"I miss you a little, I guess you could say, a little too much, a little too often, and a little more each day."
Opening his eyes was painful. Sleep was unfulfilling, dreams of memories plagued every shadow of his mind and when eyes shut, sleep was as painful as reality. The corners of his eyes were caked with dried tears, his head swam and an ache spread through his body as he sat up. Mocha eyes rested on the soft carpet. The aroma of nicotine was stronger than ever, hugging every corner of the room and triggering memories he should but wouldn't forget. He could almost hear the other's voice scolding him for his addiction. With his absence, the addiction was an obsession—it was impossible to go without the smoke stinging his lungs in an attempt to keep the other's voice with him, no matter the consequences, no matter what the other would have wanted.
The blond's throat stung with every hitched breath, his movements seared the exhausted muscles and trying to do anything felt like too much. It was like that every morning or more recently evening when he woke up. Days melted into nights and it made no difference to the lost man, who woke up and slept when he felt he was supposed to. He hadn't stepped foot out of the house since he walked in a week after the funeral. It badly needed repairs, it was run down and shabby and falling apart at the seams like Shizuo himself. The brunette had always said that they'd find a better place, and though he could now afford it ten times over—the blond couldn't leave the cage of memories. Sometimes, he could swear he still saw the lithe figure swooping down the halls as it used to, he told himself so often that it was the other that it soon became a truth to his warped mind.
The other's absence seemed to have snuffed out any light existing in the home before. The white walls were gray. The lofty ceilings cramped. The comfortable den unwelcoming. The whole house was consuming Shizuo and he let it—he embraced the pain with open arms as long as he could still imagine the shining face of the other adolescent as he deteriorated.
The blond staggered over to the shower, not bothering to adjust the temperature and letting the icy cold tendrils of water slice down his body and match the ache that burned under the surface. He imagined slender fingers tracing his body—the delicate arms wrapping around his waist as they used to, turning around only to remember that he was fooling himself as teasing caresses once more became drops of water cascading down his body.
He knew it was destroying him. Holding onto the remnants of the cunning man he loved—letting his imagination become a twisted reality, Shizuo knew it and didn't care. He needed to have something where his heart used to be—it was broken and shredded but he found that better than replacing it with artificial material. He didn't realize that in his desperate attempt to fill up the hole he was only making it bigger, every lighter that connected to a cigarette was like a torch to the frayed edges.
There had been friends who tried to bring him back, get him back on his feet, but Shizuo ignored them. He became so immersed in his own world of remembrance for the first two weeks that people were afraid to approach—then they were encouraging him to forget the brunette, to let go of every golden recollection of the idiot informant. They didn't know that Shizuo tried—he tried and denied and lied to himself—but forgetting him was like trying to remember somebody Shizuo had never known.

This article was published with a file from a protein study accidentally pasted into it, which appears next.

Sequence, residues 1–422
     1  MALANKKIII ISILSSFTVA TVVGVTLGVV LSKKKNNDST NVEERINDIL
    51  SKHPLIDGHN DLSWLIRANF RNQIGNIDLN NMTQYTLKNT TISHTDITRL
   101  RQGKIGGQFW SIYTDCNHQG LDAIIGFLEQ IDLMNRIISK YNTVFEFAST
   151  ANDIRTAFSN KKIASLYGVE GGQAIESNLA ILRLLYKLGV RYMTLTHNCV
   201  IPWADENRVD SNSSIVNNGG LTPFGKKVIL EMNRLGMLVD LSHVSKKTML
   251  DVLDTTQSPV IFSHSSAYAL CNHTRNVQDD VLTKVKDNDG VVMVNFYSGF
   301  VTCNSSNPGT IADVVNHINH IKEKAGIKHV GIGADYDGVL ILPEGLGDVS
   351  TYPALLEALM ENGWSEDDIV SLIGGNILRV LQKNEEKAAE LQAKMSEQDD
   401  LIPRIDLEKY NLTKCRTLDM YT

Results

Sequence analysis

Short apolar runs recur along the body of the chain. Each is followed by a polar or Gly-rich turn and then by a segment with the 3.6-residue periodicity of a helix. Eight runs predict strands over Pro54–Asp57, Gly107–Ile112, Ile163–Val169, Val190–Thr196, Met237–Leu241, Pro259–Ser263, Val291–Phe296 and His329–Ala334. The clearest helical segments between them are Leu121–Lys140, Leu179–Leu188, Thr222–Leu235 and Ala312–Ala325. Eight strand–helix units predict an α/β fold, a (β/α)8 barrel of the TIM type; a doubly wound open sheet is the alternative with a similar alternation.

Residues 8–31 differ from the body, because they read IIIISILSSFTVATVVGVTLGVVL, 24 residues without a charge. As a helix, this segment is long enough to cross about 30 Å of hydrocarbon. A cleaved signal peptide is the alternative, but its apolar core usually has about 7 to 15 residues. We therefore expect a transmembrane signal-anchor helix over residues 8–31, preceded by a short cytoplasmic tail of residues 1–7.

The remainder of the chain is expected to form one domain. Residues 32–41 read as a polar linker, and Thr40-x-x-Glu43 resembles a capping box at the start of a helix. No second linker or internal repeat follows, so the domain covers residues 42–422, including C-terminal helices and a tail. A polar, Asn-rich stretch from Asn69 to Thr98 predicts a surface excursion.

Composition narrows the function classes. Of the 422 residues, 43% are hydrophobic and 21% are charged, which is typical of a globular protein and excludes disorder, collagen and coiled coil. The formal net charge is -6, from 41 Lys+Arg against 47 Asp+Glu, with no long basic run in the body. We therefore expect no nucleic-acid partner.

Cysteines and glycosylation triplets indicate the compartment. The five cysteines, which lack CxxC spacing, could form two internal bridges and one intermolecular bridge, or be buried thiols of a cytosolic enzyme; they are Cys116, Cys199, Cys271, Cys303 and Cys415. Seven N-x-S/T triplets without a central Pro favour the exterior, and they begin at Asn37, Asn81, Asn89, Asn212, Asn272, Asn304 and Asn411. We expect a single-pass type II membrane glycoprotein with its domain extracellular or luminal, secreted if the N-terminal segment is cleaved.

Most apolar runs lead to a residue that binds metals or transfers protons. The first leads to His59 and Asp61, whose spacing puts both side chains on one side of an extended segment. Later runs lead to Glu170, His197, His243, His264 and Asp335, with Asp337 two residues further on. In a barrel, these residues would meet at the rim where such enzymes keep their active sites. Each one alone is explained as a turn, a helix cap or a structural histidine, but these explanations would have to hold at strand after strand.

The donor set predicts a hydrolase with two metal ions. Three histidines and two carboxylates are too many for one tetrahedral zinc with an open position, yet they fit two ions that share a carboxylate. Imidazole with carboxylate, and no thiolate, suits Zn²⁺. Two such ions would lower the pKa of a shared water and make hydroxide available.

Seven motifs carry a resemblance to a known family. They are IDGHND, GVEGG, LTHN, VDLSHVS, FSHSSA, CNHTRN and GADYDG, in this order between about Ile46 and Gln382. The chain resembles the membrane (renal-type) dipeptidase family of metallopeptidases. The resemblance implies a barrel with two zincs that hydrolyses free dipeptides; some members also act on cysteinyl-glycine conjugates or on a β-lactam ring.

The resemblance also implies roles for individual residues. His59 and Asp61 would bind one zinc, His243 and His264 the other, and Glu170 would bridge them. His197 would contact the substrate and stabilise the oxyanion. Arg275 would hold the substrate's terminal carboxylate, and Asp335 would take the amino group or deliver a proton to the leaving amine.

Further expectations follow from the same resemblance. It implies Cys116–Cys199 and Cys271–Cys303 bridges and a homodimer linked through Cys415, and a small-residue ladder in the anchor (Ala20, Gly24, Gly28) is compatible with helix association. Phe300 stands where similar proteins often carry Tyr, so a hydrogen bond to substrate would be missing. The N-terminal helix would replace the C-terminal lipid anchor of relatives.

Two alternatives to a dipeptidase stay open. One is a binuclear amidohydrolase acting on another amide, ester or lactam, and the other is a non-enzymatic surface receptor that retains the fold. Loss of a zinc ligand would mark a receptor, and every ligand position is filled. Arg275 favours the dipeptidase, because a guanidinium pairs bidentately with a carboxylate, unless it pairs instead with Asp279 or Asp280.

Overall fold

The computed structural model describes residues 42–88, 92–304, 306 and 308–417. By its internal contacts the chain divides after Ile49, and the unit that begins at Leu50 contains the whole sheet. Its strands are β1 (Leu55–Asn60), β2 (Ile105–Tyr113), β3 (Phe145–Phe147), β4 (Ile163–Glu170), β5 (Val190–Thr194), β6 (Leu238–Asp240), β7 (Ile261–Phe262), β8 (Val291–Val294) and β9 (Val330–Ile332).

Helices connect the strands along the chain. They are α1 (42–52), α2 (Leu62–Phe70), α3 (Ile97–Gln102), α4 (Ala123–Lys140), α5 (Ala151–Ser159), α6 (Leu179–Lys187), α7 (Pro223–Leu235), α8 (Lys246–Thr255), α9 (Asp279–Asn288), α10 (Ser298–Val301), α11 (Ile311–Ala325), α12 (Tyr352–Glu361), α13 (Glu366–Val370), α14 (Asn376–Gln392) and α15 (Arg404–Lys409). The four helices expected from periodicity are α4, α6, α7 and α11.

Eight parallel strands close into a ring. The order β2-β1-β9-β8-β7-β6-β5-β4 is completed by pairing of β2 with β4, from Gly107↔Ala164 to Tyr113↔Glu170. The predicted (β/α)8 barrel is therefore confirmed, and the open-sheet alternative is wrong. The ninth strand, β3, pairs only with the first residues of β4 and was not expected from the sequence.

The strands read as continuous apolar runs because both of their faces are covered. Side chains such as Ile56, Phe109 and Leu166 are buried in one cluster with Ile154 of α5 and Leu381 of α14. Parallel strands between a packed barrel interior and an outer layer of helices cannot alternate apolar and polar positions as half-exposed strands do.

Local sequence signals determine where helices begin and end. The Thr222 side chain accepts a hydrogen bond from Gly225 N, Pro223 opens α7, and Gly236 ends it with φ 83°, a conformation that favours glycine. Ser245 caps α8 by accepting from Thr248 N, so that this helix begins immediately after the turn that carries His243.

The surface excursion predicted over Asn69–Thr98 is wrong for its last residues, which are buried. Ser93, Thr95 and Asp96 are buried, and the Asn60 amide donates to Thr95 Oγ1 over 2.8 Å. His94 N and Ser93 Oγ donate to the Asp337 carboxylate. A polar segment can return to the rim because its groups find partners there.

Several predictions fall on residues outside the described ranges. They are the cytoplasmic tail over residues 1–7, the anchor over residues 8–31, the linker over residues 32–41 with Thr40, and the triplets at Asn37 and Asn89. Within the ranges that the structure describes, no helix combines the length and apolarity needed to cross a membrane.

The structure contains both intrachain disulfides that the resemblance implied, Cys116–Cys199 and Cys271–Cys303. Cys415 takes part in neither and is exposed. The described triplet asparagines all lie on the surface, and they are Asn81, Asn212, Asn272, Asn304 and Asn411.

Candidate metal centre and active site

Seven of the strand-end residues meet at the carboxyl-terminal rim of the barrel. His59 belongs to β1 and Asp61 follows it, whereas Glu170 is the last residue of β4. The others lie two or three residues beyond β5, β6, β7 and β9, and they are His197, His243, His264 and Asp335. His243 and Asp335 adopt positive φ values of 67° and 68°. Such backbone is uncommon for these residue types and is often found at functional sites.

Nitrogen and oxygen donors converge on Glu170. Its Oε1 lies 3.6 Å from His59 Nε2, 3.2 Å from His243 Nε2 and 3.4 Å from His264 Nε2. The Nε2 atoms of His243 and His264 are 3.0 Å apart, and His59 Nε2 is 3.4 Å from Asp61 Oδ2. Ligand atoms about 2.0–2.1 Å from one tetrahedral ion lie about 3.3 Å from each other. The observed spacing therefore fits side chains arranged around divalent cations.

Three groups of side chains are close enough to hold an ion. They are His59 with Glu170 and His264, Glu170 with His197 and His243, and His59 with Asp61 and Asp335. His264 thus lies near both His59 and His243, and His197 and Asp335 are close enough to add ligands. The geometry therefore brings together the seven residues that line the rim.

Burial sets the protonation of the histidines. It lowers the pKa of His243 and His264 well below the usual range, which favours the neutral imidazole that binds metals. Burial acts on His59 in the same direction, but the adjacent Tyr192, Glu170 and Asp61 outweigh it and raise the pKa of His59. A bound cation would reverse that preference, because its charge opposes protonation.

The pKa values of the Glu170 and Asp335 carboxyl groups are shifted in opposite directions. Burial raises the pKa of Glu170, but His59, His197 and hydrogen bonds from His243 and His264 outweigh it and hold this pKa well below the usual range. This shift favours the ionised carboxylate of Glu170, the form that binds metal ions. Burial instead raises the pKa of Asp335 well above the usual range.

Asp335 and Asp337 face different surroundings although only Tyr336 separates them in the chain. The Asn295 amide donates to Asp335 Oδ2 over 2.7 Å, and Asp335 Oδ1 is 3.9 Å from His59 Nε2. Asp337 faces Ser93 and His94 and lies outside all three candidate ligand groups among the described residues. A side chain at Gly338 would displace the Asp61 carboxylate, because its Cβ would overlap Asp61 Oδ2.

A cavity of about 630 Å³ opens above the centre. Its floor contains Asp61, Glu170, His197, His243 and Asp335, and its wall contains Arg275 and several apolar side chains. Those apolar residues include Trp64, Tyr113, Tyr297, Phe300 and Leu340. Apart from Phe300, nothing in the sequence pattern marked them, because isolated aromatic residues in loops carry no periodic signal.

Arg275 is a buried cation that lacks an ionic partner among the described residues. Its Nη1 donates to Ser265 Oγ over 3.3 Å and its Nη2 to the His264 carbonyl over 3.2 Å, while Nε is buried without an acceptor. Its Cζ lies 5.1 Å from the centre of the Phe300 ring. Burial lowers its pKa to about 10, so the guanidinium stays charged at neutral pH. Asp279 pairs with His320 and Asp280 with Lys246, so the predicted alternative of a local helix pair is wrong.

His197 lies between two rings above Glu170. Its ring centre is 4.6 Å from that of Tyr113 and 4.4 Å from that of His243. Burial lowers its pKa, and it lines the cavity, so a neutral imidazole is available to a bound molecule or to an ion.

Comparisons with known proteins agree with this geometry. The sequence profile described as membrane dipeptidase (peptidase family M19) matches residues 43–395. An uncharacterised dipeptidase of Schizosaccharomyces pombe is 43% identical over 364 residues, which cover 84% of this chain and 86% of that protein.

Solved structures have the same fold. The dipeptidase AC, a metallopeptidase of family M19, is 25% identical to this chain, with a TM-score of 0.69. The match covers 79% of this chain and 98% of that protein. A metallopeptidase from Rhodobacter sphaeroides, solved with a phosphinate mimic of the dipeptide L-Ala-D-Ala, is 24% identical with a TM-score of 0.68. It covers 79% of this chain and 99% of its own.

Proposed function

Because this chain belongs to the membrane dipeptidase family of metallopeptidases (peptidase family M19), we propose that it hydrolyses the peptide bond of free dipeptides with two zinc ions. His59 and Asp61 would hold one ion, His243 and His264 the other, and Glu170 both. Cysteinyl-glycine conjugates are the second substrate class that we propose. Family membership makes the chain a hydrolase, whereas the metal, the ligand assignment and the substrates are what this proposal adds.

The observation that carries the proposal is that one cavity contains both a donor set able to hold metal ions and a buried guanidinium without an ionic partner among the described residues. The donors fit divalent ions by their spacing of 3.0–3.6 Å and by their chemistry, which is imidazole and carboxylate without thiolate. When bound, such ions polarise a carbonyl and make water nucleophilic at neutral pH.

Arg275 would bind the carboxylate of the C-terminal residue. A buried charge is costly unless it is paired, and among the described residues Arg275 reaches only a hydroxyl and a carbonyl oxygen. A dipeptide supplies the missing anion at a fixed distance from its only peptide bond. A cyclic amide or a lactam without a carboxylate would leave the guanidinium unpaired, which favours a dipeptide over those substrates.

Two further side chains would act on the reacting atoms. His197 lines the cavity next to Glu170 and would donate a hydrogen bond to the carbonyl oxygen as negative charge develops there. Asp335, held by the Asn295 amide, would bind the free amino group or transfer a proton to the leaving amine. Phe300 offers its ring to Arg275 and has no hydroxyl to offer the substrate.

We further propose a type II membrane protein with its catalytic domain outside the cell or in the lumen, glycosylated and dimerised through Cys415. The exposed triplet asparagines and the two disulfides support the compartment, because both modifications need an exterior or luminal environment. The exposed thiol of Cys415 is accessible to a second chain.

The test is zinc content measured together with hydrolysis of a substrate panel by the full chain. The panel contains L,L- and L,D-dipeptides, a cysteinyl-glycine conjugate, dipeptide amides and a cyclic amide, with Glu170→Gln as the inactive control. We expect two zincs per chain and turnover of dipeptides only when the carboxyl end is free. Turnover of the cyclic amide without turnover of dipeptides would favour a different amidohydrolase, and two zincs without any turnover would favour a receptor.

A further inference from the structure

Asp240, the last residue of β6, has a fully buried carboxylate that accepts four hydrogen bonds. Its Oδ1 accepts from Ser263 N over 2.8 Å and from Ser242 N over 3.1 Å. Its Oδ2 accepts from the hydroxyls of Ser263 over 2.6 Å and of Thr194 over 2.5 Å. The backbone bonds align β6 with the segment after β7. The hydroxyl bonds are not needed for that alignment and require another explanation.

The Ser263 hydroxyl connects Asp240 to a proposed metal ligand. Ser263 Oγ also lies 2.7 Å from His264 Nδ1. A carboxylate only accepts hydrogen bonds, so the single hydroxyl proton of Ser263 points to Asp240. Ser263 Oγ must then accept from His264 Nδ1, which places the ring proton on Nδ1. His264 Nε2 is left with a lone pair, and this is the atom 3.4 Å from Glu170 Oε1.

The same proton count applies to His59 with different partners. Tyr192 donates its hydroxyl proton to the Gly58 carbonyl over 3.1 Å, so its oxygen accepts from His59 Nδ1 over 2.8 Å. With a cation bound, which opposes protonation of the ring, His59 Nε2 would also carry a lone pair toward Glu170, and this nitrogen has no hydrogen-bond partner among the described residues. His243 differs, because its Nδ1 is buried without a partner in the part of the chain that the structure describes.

Shizuo buried himself in the sheets once more—they were filthy and ragged and torn in multiple places, but Shizuo convinced himself that his lover's scent was still wrapped up with them. He hadn't slept on the other side of the bed since he and the other had bought the house years ago, when the brunette complained about liking the other side better and forced Shizuo to trade places, warning him to never take his side again. Now Shizuo left it alone, waiting for someone that would never return, to claim something that long since lost importance.
Another deep breath of the bedding and Shizuo's eyes were stinging again. He pushed himself off the bed, stumbling beyond the ruined doorframe and brushing past the fur trimmed coat that he kept to torture his memories with. Shizuo remembered. He remembered the lies—the lies that both of them had believed wholeheartedly, lies of tomorrow's and forever's and future's. Lies that were so easy to believe that neither had thought to second-guess them.
As Shizuo forced the clothes onto his body—the familiar rustling was painful to his neglected senses—he fought the image in his mind of the worst lie of all, pushed back the memory of the eerily still body, the cold skin, and the expressionless face.
"Izaya, you need to be more careful," A stern warning, nothing special, Shizuo took the wounded hand and cleaned away the trickle of blood.
The brunette looked up briefly from the knife he was peeling the orange with after accidentally cutting himself, "Don't worry, I won't die so easily," A tease, nothing out of ordinary, "Because whether you like it or not, I'm here to stay."
'Liar,' the thought echoed in Shizuo's mind as he forced his body out of the house, sheer will-power commanding him to resume life.
It would be the first time in two months and seventeen days that Shizuo would see –Tom, Celty, Shinra, Simon—anybody. He didn't know how they'd react to his sudden change, but if they could keep his mind off of the smirking brunette for even a minute he'd risk their rejections. Because he knew—he knew that he needed to quit. Quit the addiction and cure the disease.
Driving off the premises, Shizuo lit up the last cigarette in his pack.
He wouldn't be buying more.